Bad password practices open retirement accounts to cybercrime. That’s one reason why the Employment Benefits Security Administration (EBSA) has provided plan sponsors with Online Security Tips for use in educating plan participants about protecting their accounts. Let’s get going—dangerous password behaviors abound!
Use Unique and Complex Passwords
Taking passwords seriously is fundamental to cybersecurity, yet research continues to underscore the prevalence of sloppy password behaviors at work and home. For example, a recent study by cybersecurity firm PC Matic found:
- One fifth of employers do not regularly require employees to change passwords
- Nearly one-quarter of us still use the same passwords for home and work accounts
- Half of us check personal emails on work devices—increasing the potential of infiltration.
Plan Sponsor reports that an additional poor practice related to passwords is not knowing how to use password managers. Experts observe that absent password managers, fear of forgetting results in failing to change passwords frequently—and make them sufficiently complex. Risky in any business or home, poor password practices contribute to theft from retirement accounts. Plan sponsors who have not already done so are advised to educate employees and plan participants about the basics of online security—and document all related efforts. The Tips from EBSA include important points about how to:
- Register, Set Up and Routinely Monitor Your Online Account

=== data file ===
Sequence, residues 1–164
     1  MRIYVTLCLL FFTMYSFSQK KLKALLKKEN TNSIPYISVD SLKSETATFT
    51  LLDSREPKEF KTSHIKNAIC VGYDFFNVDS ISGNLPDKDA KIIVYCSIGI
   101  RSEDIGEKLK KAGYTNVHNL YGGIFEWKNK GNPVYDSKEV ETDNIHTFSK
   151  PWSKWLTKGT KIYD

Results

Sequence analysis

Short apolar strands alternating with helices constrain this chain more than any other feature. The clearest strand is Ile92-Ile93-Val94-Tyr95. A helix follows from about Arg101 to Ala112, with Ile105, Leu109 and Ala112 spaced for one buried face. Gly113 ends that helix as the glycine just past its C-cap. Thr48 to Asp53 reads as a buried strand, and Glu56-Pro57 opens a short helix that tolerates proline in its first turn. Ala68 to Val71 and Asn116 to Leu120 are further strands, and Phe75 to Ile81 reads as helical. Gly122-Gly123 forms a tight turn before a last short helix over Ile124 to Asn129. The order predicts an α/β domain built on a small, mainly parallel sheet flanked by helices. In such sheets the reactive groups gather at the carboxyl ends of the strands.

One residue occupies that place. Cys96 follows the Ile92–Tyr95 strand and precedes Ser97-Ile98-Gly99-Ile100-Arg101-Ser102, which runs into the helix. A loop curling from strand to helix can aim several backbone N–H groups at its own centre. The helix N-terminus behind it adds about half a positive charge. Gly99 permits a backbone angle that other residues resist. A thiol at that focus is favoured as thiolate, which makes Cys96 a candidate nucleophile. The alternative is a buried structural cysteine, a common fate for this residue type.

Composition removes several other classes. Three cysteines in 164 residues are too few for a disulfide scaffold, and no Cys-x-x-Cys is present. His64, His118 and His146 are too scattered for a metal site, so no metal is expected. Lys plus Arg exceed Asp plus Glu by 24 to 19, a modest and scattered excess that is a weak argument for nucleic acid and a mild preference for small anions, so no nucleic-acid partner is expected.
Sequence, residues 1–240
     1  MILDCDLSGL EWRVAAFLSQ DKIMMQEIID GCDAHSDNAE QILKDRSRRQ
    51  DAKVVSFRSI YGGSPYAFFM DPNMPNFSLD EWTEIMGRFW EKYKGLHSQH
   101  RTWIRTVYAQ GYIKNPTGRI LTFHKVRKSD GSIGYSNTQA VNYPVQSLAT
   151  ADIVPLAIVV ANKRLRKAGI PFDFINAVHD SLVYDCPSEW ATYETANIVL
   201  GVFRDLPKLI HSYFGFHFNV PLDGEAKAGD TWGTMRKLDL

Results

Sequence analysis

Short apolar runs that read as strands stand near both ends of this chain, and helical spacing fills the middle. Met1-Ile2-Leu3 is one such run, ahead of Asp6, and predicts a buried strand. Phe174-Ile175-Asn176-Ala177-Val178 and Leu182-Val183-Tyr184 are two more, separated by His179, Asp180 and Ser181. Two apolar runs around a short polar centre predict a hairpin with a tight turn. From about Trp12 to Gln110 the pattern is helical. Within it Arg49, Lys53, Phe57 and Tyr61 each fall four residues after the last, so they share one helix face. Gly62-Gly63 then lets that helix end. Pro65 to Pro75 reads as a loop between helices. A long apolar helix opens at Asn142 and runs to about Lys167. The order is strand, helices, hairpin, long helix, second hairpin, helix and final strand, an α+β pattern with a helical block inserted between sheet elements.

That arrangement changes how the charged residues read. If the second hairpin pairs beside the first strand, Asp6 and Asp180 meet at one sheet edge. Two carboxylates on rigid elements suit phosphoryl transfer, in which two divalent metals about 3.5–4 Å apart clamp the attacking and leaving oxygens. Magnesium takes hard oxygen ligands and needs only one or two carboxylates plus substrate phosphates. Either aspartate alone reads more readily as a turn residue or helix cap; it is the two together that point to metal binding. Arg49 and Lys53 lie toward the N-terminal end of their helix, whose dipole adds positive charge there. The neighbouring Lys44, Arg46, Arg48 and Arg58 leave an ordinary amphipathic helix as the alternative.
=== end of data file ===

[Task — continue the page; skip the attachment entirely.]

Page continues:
- Use Strong and Unique Passwords
- Use Multi-Factor Authentication
- Keep Personal Contact Information Current
- Close or Delete Unused Accounts
- Be Wary of Free WiFi
- Beware of Phishing Attacks
- Use Antivirus Software and Keep Apps Current
- Know How To Report Identity Theft and Cybersecurity Incidents
In the face of increasing responsibilities related to the cybersecurity of retirement plans, sponsors are encouraged to step up protection strategies for the plan—and themselves. Remember, that any individual involved in the management of a retirement plan of any size can face personal exposure for breach of fiduciary responsibilities. Don’t go it alone. At Colonial Surety, as a plan sponsor, you can affordably obtain fiduciary liability insurance and cyber liability coverage along with your required ERISA bond . Fiduciary liability coverage gives you peace of mind that your personal assets are protected from a breach of responsibility in the administration or handling of an employee benefit plan, such as a retirement plan. Colonial’s annual premium is less that what you would pay for one hour with an expert ERISA lawyer: Secure Fiduciary Liability Insurance Now.
Cybersecurity Support Especially for Small Businesses
The government’s new guidance puts increased importance on protecting retirement plan data and funds in the cyber era. Confronting the rise in cyber threats, small businesses are generally without access to the services and protections that larger companies are able to put in place. Not having a response plan has resulted in disaster.
Start mitigating your risks with Colonial Surety today. When you select a comprehensive package, you realize the greatest savings—and protection for your business, your plan, and yourself. Colonial’s comprehensive package includes:
- The required ERISA bond which protects the assets of the retirement plan from theft;
- Fiduciary Liability coverage to protect you and your assets from personal liability; and,
- Cyber Liability coverage to safeguard your company and plan from covered losses and expenses in the event of a cyber breach.
Obtain Complete Protection Package Now
Colonial Surety Company is rated “A Excellent” by A.M. Best Company, U.S. Treasury listed and in business all across the country. Serving customers since 1930, Colonial Surety is the trusted source for the pension industry to secure legally required ERISA bonds, fiduciary liability insurance and cyber-liability insurance. We help safeguard plan sponsors– and keep their businesses compliant – with pain-free, efficient, and friendly service every time.